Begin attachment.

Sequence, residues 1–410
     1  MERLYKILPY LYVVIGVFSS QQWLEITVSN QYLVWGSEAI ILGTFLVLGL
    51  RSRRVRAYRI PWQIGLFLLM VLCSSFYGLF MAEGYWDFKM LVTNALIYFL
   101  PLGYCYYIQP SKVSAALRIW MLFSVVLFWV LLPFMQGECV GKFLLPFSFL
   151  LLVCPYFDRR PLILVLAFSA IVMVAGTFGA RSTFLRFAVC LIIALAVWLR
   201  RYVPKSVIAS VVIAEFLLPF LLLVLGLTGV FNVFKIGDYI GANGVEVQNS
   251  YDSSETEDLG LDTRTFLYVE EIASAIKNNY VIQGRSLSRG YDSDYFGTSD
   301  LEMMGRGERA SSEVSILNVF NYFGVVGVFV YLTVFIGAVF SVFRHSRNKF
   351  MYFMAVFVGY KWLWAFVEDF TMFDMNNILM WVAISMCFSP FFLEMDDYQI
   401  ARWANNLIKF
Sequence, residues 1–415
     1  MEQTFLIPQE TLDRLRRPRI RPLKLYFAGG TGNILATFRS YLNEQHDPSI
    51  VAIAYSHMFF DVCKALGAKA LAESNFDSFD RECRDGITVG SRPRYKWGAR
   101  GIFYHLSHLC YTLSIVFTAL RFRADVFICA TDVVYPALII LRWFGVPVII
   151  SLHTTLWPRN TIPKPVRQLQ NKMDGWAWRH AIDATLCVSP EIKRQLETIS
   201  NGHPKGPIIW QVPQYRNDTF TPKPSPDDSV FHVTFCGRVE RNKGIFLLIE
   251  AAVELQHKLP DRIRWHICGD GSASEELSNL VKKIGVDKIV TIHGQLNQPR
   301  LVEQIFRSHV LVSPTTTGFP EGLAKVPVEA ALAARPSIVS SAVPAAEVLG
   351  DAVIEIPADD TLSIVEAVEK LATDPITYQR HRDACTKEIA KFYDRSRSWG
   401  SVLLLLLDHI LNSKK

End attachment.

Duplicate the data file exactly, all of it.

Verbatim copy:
Sequence, residues 1–410
     1  MERLYKILPY LYVVIGVFSS QQWLEITVSN QYLVWGSEAI ILGTFLVLGL
    51  RSRRVRAYRI PWQIGLFLLM VLCSSFYGLF MAEGYWDFKM LVTNALIYFL
   101  PLGYCYYIQP SKVSAALRIW MLFSVVLFWV LLPFMQGECV GKFLLPFSFL
   151  LLVCPYFDRR PLILVLAFSA IVMVAGTFGA RSTFLRFAVC LIIALAVWLR
   201  RYVPKSVIAS VVIAEFLLPF LLLVLGLTGV FNVFKIGDYI GANGVEVQNS
   251  YDSSETEDLG LDTRTFLYVE EIASAIKNNY VIQGRSLSRG YDSDYFGTSD
   301  LEMMGRGERA SSEVSILNVF NYFGVVGVFV YLTVFIGAVF SVFRHSRNKF
   351  MYFMAVFVGY KWLWAFVEDF TMFDMNNILM WVAISMCFSP FFLEMDDYQI
   401  ARWANNLIKF
Sequence, residues 1–415
     1  MEQTFLIPQE TLDRLRRPRI RPLKLYFAGG TGNILATFRS YLNEQHDPSI
    51  VAIAYSHMFF DVCKALGAKA LAESNFDSFD RECRDGITVG SRPRYKWGAR
   101  GIFYHLSHLC YTLSIVFTAL RFRADVFICA TDVVYPALII LRWFGVPVII
   151  SLHTTLWPRN TIPKPVRQLQ NKMDGWAWRH AIDATLCVSP EIKRQLETIS
   201  NGHPKGPIIW QVPQYRNDTF TPKPSPDDSV FHVTFCGRVE RNKGIFLLIE
   251  AAVELQHKLP DRIRWHICGD GSASEELSNL VKKIGVDKIV TIHGQLNQPR
   301  LVEQIFRSHV LVSPTTTGFP EGLAKVPVEA ALAARPSIVS SAVPAAEVLG
   351  DAVIEIPADD TLSIVEAVEK LATDPITYQR HRDACTKEIA KFYDRSRSWG
   401  SVLLLLLDHI LNSKK